Excavated for your viewing pleasure – works from the seminal semiotext(e) event. Presented alongside contemporary responses to the thematics of societal control, penal discipline and anti-psychiatry. Alicia Rodriguez investigates.
In 1975, an early incarnation of the Semiotext(e) group organised an event that brought together counter-cultural icons and philosophers to engage in discussion surrounding anti-psychiatry, societal control and penal discipline.
Schizo-Culture: On Prisons and Madness included contributions from Michel Foucault, John Cage, R.D. Laing and William S. Burroughs. Addressing a number of socio-political issues, the event itself has achieved near mythical status in Semiotext(e)’s archive and has informed generations of creative, critical thinking.
This archive is excavated for a new project titled Schizo-Culture: Cracks in the Street, which takes place at SPACE in Hackney, alongside a selection of new works commissioned as a response to the original, seminal event.
The main annexe space is immersive and each piece contributes to a larger installation. Between television sets clustered in opposite corners, the ‘expanded Schizo-Culture archive wall (and vitrines)’ displays posters, articles, letters and magazines that fluidly illustrate the event.
A 1971 interview with Michel Foucault plays next to a 2014 piece titled Through the Letterbox, which features footage of Gilles Deleuze’s seminars at Vincennes, edited by Marielle Burkhalter, Fuori Orario, Graeme Thomson and Silvia Maglioni. Large format diagrams are suspended from the ceiling, and collections of Semiotext(e) publications are placed for browsing on an inviting chipboard shelf.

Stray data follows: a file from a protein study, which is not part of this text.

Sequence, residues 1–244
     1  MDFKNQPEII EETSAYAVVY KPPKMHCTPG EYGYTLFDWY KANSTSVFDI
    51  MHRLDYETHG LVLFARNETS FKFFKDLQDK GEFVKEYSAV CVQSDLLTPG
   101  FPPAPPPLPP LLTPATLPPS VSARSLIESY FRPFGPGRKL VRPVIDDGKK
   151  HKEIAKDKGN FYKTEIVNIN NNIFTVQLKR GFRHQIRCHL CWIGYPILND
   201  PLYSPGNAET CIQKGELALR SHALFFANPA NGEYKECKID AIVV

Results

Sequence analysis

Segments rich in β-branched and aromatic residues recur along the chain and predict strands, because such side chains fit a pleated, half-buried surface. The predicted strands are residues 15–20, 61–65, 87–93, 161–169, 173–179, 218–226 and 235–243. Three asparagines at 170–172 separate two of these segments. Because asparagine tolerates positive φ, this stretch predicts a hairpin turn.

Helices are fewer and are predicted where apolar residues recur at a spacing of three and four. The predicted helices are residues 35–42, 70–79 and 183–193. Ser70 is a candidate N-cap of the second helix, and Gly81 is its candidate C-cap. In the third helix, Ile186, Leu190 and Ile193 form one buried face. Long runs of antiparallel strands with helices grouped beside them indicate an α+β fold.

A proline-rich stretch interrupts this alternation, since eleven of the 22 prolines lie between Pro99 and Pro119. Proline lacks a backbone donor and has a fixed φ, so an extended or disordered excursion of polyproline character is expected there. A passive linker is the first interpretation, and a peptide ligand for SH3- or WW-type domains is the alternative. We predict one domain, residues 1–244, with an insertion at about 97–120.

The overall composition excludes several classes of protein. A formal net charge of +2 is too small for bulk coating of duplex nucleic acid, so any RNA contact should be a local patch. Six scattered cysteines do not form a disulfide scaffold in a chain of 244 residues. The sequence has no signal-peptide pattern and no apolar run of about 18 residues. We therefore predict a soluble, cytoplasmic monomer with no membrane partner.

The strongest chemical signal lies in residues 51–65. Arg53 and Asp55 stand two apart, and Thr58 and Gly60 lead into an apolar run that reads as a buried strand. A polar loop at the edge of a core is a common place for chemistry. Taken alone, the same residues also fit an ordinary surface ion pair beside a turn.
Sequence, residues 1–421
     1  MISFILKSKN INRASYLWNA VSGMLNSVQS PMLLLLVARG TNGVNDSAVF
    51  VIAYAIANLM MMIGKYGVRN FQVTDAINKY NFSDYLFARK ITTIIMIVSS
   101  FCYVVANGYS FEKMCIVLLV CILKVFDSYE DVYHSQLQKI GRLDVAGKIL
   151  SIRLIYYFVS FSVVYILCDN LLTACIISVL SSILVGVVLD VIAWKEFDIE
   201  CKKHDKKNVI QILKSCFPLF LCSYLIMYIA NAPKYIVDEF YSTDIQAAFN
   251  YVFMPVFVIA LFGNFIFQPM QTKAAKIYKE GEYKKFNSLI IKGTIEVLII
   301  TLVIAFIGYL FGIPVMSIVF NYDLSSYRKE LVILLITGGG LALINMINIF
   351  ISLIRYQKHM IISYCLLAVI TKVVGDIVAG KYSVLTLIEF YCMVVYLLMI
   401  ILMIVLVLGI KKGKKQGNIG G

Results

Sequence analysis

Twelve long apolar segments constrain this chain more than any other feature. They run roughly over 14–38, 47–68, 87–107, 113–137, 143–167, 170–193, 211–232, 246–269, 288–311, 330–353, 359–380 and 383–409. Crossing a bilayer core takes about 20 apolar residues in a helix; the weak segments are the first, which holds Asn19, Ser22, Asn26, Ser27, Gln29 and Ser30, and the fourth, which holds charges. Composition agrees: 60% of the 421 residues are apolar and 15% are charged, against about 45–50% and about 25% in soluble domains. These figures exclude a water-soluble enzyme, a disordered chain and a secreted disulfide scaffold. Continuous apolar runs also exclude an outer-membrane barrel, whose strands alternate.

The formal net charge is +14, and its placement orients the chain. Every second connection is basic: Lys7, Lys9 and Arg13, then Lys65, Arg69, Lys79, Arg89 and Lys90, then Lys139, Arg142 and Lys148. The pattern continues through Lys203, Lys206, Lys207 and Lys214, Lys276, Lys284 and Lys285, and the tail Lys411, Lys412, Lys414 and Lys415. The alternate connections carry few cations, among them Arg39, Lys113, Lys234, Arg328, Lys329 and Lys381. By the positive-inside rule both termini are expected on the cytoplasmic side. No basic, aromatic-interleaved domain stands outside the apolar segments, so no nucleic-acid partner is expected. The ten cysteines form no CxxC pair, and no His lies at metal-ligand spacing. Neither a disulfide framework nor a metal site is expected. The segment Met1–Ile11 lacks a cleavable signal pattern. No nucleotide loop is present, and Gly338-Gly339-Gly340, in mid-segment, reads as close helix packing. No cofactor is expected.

Mary Barnes, who was famously treated at Kingsley Hall in East London by R.D. Laing (undergoing a near complete behavioural regression) is a fascinating artist to look at in relation to the doubts regarding mental institutions in the 1960s and 70s. Barnes’s Head is a purposefully daubed, swamp coloured face about the size of a human head, but in the shape of a vague triangular mound. Its yellow features sag with apparent fatigue. Although the date of the work’s manufacture unknown, it becomes impossible to view this work outside of the captivating context under which Barnes produced art throughout her career.
Like many cultural icons that suffered from mental illness, her life has fed so heavily into her work that it continuously affects the viewer’s perception of it. However, I shamefully knew nothing of her upon entering the exhibition, and found myself drawn instead to the naïve and urgent tiredness that emanates from this piece.
With direct reference to institutional critique and the pharmaceutical market, Methylene blue diluted by female ejaculation is a stark, challenging image suggesting that the institution of psychotropic drugs is embodied in people, and therefore tied irreversibly to nervousness and anxiety. Methylene blue is generally regarded as the first fully synthetic drug, dating back to 1876. It has since contributed towards the development of mental health medications. By diluting the chemical with female ejaculation and using it to execute a simple line drawing of a dildo, Sidsel Meineche Hansen explores the internalisation of the (bio)political through material and making.